Thanks so have to use global variables to compute values. Realy I didn't try yet.

                   

                  Concerning my pictures (doors and drawers) with clears and rough dimensions, instead to bw drawn individually to keep more tight with production and stock, quality etc I want to tell you my example with the front door & drawers at the time in one slddrw file, was too "complex" for you in my Discussion opened: ? text expression to add an numerical constant. "I took the bad one", instead taking a simple one. Anyway your explanations, bring me manny ideas just in case I will have that kind of processing in production. In woodworking industries some time we do not keep tracking so tight on parts, but I recognize some time we should do so manner.

                  Let you now you do not spend time, bringing me many ideas in this context and I aperciate this.

                  I like your suggested approach leaving extra materials. The operators they do this by heart, reading the assembly (drawer and doors drawing)

                  I like this a lot you say, but the reality you know ......

                  • You can outsource just the cut stock, a fabricated part or a subassembly.
                  • You can reuse parts in other assemblies.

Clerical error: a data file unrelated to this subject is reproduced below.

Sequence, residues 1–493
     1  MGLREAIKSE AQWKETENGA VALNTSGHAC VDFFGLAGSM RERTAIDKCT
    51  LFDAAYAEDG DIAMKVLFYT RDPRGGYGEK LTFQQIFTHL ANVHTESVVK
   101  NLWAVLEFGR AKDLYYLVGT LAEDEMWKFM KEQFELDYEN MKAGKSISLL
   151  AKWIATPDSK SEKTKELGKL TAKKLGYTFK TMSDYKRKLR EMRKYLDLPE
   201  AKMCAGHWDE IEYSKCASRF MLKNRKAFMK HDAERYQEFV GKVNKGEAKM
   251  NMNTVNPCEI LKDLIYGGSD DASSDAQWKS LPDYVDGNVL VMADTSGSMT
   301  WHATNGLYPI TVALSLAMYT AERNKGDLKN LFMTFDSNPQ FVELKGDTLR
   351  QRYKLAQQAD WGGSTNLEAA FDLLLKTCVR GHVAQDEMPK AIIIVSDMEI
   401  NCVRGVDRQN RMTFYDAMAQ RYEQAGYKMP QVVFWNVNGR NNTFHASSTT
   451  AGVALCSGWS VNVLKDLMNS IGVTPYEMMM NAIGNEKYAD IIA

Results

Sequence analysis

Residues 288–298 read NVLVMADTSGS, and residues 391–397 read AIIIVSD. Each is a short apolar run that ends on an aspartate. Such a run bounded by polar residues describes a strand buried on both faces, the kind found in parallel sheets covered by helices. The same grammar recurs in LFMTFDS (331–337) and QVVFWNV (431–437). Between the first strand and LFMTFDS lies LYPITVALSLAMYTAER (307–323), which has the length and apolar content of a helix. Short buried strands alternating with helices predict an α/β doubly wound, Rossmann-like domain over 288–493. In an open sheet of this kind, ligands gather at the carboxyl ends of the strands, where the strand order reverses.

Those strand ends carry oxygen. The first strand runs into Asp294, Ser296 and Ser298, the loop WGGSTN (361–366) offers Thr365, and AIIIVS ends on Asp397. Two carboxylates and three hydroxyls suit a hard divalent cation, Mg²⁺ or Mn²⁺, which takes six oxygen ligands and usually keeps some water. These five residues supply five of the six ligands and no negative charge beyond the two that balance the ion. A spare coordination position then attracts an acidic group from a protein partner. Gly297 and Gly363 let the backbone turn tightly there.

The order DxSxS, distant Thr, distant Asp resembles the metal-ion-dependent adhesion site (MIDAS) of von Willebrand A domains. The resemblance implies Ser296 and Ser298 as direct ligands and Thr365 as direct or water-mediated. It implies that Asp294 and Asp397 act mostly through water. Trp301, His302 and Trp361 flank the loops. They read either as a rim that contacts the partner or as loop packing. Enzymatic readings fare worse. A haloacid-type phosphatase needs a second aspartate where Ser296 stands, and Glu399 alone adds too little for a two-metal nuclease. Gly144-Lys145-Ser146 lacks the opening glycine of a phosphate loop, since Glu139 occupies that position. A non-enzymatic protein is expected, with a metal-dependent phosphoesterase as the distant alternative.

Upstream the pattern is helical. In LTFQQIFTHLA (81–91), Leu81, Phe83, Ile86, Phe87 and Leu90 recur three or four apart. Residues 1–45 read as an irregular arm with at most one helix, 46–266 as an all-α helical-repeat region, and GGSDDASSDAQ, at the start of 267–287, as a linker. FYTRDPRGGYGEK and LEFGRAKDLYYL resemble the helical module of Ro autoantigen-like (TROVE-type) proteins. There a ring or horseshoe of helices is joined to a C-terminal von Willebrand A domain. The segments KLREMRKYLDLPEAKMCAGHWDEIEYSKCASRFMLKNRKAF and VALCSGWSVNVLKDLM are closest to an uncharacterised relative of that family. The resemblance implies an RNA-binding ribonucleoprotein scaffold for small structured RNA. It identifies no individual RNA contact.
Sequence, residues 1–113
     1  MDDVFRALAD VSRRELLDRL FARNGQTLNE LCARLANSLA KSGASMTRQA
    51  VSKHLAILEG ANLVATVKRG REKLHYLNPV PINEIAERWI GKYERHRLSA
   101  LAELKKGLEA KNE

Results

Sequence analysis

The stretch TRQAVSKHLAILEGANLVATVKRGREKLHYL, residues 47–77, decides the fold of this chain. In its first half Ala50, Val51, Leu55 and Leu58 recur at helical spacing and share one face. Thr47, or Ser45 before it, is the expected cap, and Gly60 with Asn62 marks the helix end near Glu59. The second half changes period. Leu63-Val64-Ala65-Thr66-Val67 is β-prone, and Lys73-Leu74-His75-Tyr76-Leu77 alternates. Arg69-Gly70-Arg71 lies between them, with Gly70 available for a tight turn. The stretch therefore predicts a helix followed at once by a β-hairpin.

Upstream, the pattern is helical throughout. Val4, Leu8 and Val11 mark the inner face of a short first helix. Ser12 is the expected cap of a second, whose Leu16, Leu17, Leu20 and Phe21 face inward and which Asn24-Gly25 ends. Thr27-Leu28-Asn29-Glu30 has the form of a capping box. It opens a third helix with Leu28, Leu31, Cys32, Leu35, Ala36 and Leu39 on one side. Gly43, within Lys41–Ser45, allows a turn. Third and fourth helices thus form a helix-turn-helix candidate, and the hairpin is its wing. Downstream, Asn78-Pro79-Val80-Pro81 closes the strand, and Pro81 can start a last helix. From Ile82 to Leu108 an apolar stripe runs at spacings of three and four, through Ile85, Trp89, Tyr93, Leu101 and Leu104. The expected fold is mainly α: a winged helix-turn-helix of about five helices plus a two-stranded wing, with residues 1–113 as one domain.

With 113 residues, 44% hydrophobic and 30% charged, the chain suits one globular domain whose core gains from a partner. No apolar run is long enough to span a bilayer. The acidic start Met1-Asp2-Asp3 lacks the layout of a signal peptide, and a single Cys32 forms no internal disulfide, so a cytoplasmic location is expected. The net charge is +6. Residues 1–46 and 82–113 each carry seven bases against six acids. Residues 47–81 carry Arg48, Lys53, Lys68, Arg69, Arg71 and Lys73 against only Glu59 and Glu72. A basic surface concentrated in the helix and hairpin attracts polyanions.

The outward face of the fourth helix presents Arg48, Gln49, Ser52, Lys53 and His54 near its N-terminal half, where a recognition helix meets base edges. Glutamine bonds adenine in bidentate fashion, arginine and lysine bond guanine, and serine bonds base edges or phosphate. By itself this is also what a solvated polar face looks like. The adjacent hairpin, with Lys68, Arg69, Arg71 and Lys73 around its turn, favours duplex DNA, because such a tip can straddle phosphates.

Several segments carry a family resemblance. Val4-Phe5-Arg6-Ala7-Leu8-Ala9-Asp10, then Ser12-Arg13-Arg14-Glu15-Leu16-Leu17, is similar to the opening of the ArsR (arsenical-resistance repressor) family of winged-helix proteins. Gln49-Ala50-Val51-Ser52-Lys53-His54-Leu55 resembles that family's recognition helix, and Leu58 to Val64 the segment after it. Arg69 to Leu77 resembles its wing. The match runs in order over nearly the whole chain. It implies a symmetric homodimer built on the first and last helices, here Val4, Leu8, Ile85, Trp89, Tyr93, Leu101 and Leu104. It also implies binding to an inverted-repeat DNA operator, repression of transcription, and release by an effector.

• Allows you to outsource to a vendor better skilled at certain processes (labor, machinery, expertise, cost) where needed.
                  • For out of tolerance parts (final part, subassembly or cut stock), you have a drawing to rely upon for remedying the situation (especially when outsourced).
                  • Each part and assembly can be revised and documented independent of the others.
                  • With more information, there is less guessing and interpolation.
                    • This will lower variance, which automatically raises quality.

                  We let the variance going up where statistical by the machines and first of all starting by the humain beeing (thinking) wich is the first variance that cause and start problems (the machines less).

                   

                  Mr.  Kevin thank you for your thoughts from woodworking you already was in, may be.

                   

                  Dan user

                • Re: ? text expression to add an numerical constant
                  Rob Edwards

                  Another way to do this, that is a lot less work once you have set it up is to use an equation in a BOM

                  and then save the BOM as a template.  No need for anything else then

                  2016 SOLIDWORKS Help - Table Equation Editor